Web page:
I am one of those people who undertook part time grad study – a Master’s degree followed by a PhD – while working and having a family. I know that I needed a lot of ‘understanding’ from my tutors and supervisors and the occasional hard deadline!

    i wonder whether any current or former part time learners have any experiences to share?

    1. Thanks Kathy. Your story shows how the qualities of pursuing some of your career part-time so successfully have resulted in your full time leadership role as PVC at a leading University. Such a trajectory certainly leaves little room for one of the most detrimental qualities to individuals and communities – a sense of entitlement. My sense is there is more awareness both in Higher Education, Business and elsewhere that the contribution of those with a less conventional career journey is both a quick win and a win-win situation. I look forward to talking about some of these issues to Birmingham’s Win:Win Network in CoSS soon.

  2. Working full-time in Higher Education whilst studying part-time is something I have done the majority of my working life. The qualifications have varied from a range of IAG qualifications, short courses, then to the more research intensive degree and PGDip.

    There were certainly challenges along the way, trying to maintain a balance without burning yourself out really does depend on several factors; the flexible support you receive from the institution, how organised and motivated you are as an individual and having clear objectives on why you are studying– the end goal. There were pressure points along the way where stress levels were through the roof; juggling various deadlines both in work and during my studies, to making sure I didn’t forget non-uniform day at my daughter’s school whilst making sure I had quality time on the weekends with family and friends. Managing time across all those areas was key. Taking the time to reflect and focus on the wider benefits of further study on your home and professional life.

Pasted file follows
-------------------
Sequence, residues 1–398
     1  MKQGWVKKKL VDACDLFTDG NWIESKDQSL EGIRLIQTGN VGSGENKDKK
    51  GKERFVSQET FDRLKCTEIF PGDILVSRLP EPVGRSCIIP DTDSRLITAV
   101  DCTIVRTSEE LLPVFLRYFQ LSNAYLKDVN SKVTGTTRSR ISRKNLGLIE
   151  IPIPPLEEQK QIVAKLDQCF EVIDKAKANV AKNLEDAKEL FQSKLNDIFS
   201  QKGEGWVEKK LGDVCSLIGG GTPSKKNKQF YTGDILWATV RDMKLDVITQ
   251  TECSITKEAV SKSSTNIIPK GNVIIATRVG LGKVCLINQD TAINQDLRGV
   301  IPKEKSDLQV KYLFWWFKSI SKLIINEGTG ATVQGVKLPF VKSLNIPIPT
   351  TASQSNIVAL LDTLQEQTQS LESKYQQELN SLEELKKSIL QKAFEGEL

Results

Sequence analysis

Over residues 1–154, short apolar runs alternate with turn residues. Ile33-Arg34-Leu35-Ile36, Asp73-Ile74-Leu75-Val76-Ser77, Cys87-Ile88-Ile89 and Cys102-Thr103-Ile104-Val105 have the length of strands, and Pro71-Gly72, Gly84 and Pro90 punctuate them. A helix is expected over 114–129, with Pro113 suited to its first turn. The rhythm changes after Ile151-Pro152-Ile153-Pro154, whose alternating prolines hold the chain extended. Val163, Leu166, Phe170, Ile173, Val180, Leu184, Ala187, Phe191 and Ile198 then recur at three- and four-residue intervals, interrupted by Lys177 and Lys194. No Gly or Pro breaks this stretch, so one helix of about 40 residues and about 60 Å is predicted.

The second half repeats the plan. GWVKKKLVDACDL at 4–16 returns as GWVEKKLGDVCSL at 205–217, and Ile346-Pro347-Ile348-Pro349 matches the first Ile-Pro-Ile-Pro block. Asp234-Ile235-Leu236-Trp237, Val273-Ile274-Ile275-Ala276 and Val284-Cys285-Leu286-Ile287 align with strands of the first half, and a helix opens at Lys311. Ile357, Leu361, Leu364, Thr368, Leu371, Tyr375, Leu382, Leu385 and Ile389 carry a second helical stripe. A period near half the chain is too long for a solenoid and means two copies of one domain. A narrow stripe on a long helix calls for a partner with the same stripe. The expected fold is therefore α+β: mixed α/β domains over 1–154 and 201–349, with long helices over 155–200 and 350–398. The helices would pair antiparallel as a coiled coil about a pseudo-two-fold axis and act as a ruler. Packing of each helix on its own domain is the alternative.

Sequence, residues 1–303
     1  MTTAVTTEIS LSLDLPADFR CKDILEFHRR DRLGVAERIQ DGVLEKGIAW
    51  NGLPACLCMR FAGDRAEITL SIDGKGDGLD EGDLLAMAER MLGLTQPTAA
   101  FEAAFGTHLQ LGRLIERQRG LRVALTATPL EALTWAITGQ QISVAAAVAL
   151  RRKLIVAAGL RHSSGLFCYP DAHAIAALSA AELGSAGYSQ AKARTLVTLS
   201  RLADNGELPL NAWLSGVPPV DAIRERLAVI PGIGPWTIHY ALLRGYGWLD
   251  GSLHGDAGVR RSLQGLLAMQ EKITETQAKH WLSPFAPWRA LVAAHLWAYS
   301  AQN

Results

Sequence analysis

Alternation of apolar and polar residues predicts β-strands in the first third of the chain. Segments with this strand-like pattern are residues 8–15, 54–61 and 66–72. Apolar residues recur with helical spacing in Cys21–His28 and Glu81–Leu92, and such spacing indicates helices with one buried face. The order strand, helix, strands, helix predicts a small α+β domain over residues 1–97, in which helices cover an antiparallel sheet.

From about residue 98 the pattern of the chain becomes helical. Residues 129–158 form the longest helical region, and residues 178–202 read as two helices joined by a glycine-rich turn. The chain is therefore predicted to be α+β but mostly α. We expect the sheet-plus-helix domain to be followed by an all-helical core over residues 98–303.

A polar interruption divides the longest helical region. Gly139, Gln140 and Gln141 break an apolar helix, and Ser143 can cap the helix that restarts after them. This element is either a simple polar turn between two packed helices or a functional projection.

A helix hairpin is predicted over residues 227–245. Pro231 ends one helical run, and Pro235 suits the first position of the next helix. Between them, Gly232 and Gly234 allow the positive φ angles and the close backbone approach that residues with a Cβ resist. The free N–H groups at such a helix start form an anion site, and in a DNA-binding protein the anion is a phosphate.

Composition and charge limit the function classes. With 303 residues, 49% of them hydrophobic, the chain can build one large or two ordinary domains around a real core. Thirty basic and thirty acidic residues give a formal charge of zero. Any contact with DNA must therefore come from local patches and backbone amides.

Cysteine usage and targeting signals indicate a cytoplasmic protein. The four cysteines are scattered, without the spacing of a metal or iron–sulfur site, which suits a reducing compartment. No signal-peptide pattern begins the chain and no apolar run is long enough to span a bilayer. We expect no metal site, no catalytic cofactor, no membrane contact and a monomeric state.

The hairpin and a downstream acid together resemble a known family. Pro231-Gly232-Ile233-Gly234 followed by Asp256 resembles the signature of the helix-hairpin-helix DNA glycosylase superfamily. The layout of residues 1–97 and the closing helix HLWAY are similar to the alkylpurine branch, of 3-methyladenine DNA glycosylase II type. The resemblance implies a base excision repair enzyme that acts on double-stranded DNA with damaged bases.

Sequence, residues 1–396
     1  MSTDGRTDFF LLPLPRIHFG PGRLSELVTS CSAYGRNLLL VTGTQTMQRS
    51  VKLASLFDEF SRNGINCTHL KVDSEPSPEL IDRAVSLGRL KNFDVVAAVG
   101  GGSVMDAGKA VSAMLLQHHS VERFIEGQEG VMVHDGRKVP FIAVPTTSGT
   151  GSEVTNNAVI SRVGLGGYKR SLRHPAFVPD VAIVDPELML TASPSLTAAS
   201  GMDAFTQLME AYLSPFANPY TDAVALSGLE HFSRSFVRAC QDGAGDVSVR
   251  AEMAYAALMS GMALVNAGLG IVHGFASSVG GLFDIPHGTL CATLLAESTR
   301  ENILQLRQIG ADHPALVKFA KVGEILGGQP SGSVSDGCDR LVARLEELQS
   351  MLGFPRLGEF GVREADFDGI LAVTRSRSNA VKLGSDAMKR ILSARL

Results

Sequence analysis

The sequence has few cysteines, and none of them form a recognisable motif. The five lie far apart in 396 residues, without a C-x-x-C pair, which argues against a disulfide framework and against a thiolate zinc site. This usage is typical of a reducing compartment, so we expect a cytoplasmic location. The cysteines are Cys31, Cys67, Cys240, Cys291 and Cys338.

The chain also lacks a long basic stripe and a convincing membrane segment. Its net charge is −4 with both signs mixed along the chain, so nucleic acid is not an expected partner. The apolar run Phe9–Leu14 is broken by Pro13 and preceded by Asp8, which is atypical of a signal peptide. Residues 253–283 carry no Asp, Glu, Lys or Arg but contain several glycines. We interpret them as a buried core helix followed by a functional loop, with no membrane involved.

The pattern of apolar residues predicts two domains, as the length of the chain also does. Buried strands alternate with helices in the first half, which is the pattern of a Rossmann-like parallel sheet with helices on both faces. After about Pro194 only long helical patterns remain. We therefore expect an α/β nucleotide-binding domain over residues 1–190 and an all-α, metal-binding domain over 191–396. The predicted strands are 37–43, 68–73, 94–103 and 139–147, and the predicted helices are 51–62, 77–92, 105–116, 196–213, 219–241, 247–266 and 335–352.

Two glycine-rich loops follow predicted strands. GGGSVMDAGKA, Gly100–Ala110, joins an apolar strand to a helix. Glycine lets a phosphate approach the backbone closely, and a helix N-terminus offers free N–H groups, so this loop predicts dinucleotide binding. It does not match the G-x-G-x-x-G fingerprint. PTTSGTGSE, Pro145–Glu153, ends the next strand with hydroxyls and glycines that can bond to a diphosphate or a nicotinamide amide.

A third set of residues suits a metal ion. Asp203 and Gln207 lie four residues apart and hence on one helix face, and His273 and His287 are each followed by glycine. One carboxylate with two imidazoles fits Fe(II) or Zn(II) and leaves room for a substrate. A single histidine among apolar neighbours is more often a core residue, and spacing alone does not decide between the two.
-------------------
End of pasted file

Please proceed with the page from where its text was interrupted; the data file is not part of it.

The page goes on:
What made my part-time study experiences so enjoyable and positive was the ways in which I was taught and the support from academic tutors and supervisors. The flexible ways I could contact academics to ask questions which I felt could not wait until the next lecture through platforms like Wimba and Blackboard Collaborate was really important to me as a learner. I think the efficiency and use of VLEs play a huge part; I could re-watch recorded lectures and have the opportunity to engage interactively inside virtual classrooms with my student peers. Having a range of teaching experiences really helped me to adapt well to my studies; online, in the classroom, group based teaching and learning activities and also having exposure to industry throughout really helped to consolidate my learning.